yeah, I mean, you know, we're always looking for the story, right? You know, and you want to try to figure out why. And, you know, large swings always scare me, when I see large swings, I especially in the year that they want to sell it all of a sudden, they're like, super profitable, but they weren't, you know, like, the last tail. But then this year, they're super profitable, then you're like, Okay, but why, you know, like, you know, I'm having a hard time even, you know, digesting this myself. And I always look at everything as if I'm gonna buy it. And so that's how I can give good advice to people. But I think that you have to try to tell a story. As to oh, you know, COVID, let's just say it's the worst story, you know, because it's just, it's so messy. And you don't know really what's what, for those two years. Like an example, we had a company, one of our companies is a is a cleaning of commercial pressure washing, and we did all this disinfecting, right, and we are doing it for Amazon, you know, I'm doing over $60,000 A month extra in business there. But if you looked at that in my revenues, and then you looked at the next year, when I didn't do any disinfecting, and my revenues grew with with not getting that 60,000 a month. Okay, that's a good story, you know, like, hey, they actually got another $60,000 worth of work, and they still grew from that, and aren't even doing that work over there anymore. So that's the, that's like a big selling pitch, right? But if they're like, you know, it went up $60,000 a month and, and then the next year is down. And then they want to value the business based on the the one where it was high, and you're like, oh, you know, it's not going to happen. And you know, like this, that current year, you know, is really truly important. You know, I'd say I've sold in my years of selling businesses. I've sold more businesses on that last year than I have the average like you're saying, so it kind of contradicts a little bit what you're saying but it's true. What you're saying is true as well, but it's because I know how to package that properly and tell the story, story properly. And so many bro Because don't do that the right way. And so you're like, okay, but that doesn't make sense. You know? Like, like, what you're trying to tell me doesn't make sense. But if you do it and it makes sense, logical sense. Oh, okay, that. Yeah, this year is good. And it's, it's not an anomaly, you know, this is real, you know, this is really something that's, that is worth, you know, Pan paying more money for or less money. I mean, if it's making less money that year, then that's what they're gonna get paid on that year, you know. So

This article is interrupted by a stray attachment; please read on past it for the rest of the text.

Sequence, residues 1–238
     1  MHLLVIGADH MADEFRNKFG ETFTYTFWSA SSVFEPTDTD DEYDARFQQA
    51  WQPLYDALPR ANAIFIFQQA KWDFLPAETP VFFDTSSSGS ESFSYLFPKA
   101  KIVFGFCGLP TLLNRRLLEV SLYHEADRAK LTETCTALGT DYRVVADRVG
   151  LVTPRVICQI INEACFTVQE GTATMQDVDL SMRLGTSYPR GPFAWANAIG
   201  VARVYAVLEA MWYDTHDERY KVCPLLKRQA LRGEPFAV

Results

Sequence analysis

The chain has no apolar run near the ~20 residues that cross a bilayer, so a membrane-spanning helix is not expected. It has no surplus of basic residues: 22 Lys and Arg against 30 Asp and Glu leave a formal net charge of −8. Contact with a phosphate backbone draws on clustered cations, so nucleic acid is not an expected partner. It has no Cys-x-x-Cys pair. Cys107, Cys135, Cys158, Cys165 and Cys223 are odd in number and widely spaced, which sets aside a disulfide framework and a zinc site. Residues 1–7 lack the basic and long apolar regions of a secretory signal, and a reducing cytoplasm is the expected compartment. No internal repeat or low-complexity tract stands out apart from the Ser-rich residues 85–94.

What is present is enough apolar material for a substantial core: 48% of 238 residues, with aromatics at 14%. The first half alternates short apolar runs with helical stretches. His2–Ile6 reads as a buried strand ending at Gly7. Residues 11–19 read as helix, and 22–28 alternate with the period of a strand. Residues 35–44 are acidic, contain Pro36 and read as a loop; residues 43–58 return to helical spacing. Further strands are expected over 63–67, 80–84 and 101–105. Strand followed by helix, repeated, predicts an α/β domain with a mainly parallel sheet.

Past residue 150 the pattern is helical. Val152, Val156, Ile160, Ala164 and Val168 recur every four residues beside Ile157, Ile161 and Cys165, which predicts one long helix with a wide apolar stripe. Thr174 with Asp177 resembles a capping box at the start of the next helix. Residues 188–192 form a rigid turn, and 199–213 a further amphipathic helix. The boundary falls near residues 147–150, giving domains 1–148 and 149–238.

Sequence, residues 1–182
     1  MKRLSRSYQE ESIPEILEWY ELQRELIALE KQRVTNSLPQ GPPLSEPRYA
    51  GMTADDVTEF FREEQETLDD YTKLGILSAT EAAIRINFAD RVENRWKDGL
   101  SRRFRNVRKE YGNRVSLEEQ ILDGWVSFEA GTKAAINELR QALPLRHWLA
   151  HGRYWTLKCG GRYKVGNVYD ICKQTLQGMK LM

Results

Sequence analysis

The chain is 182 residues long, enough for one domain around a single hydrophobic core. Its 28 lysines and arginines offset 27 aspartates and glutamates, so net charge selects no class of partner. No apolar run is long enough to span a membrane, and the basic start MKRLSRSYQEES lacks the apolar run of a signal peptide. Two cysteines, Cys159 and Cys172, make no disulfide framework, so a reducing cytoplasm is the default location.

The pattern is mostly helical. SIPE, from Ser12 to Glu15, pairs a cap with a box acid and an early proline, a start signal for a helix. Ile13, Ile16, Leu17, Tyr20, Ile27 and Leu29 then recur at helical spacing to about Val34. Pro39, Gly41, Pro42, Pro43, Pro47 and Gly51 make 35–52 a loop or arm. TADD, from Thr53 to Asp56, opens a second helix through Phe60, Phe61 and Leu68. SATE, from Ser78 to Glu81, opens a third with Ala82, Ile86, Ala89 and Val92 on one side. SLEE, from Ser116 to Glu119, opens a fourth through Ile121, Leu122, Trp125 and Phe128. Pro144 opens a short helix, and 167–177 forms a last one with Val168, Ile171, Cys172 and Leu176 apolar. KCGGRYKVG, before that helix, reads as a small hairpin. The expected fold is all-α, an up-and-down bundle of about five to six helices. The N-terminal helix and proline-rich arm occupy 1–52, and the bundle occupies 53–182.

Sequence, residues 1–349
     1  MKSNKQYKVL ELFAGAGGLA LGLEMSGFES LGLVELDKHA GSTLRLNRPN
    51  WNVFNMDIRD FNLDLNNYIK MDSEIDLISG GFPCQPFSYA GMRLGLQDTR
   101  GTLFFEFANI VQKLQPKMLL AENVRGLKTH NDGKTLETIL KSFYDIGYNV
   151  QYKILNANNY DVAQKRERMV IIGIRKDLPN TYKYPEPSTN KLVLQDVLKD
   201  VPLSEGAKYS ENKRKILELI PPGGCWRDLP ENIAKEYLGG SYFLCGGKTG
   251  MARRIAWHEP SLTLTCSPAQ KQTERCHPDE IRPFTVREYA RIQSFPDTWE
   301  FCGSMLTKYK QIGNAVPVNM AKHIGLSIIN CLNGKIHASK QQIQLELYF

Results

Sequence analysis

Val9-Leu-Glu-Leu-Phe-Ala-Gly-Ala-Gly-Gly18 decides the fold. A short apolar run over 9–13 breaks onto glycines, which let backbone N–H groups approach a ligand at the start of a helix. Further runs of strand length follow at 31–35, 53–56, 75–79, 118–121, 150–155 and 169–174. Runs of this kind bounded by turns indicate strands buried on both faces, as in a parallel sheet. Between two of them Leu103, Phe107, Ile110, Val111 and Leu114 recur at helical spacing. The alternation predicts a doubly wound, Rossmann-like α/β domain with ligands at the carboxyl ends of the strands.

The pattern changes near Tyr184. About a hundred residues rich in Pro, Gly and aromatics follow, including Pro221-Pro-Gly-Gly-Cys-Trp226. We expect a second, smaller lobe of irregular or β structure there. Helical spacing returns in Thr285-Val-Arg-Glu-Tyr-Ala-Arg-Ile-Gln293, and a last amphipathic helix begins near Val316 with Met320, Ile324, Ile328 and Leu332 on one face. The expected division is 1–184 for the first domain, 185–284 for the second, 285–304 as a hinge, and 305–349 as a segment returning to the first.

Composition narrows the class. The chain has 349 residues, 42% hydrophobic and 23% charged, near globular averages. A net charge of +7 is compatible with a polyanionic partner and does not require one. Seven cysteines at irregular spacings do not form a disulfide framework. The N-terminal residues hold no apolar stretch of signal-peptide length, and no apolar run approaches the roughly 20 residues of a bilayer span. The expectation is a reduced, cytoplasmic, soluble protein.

Ronald Skelton  50:27  
I could see that. And if you could show me like, I think my biggest concern is show me how this is gonna continue. Like, this isn't just a,

Aaron Muller  50:34